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  1. #1
    nunbird is offline Newbie
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    Default Understanding two ultrasound-related phrases

    Hello everybody,

    Could anyone help me to understand the missing parts in the following sentences?

    Here is what I hear:

    1. "The responsiveness of ultrasound was tested in patients (naive???) of biological treatment."

    After some research, I found that it could be "naive to biological treatment". But then what does it mean? That the patients are not told, or are not aware they are being treated?

    2. "We are not limited by the acoustic window like by ultrasound. We can see the bone of a (tree? three?) under (other?) (than?) 60 degrees."

    Anyway, thank you very much in advance for your help.
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  2. #2
    probus's Avatar
    probus is offline Key Member
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    Default Re: Understanding two ultrasound-related phrases

    I can see why you are having problems making things out. The speaker has a pretty thick accent.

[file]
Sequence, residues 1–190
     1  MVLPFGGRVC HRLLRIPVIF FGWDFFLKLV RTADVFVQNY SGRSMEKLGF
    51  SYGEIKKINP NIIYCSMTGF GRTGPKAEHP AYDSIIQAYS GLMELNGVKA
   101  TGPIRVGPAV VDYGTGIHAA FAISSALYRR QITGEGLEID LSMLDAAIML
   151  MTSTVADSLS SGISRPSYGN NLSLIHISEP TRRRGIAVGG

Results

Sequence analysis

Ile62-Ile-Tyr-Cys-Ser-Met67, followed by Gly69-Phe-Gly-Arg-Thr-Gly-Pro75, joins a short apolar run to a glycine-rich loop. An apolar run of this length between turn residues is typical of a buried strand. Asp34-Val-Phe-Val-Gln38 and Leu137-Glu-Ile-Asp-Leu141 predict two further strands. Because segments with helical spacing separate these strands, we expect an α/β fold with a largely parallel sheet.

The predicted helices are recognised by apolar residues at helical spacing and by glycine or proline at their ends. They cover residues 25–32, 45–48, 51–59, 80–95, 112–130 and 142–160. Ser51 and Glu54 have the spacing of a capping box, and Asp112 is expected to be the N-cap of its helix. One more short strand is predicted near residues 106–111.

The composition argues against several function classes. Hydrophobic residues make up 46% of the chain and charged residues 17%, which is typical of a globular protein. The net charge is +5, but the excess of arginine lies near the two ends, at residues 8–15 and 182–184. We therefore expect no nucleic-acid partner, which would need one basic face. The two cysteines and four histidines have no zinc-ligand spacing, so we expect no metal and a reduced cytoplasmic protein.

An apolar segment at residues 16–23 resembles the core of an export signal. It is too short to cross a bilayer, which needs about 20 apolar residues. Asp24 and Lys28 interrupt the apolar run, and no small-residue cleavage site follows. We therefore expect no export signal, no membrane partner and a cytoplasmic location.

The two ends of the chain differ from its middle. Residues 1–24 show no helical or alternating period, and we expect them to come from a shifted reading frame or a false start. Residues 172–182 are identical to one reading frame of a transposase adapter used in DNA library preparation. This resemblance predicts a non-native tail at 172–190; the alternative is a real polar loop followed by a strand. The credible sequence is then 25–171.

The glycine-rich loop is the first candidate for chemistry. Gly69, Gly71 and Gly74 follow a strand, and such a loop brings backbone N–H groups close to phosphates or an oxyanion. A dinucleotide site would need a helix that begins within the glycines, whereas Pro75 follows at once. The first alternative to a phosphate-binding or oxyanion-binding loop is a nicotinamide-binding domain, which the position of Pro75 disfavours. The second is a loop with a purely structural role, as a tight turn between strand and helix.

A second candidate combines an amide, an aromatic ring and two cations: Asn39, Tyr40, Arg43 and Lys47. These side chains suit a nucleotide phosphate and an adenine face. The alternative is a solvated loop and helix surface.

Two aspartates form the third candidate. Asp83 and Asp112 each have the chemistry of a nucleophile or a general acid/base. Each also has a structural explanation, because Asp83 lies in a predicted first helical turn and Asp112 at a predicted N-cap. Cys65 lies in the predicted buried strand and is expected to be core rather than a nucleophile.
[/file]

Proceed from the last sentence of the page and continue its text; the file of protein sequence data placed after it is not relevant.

In the first example she says "naive of". I think this unnatural and prefer naive to. In any case, this medical jargon use of naive just means that the patient has no prior experience of the thing referred to.

    In the second she says "We can see the bone over three hundred and sixty degrees."

  3. #3
    nunbird is offline Newbie
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    Default Re: Understanding two ultrasound-related phrases

    Thank you so much for your invaluable (?) help, probus.

    It's interesting that you think I have problems because of her thick accent, I think, as it is just because of her accent that I can understand most of what she says. I must admit that it's much easier for me, as a non-English speaker, to understand someone with such an accent (although I obviously misunderstood these parts).

    No offense, it's easier because I must have a similar accent myself.

  4. #4
    5jj's Avatar
    5jj is offline VIP Member
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    Default Re: Understanding two ultrasound-related phrases

    Quote Originally Posted by probus View Post
    In the second she says "We can see the bone over three hundred and sixty degrees."
    I listened to that half a dozen times and couldn't get it. I was only after I read your post that I (just about) managed to make it out.

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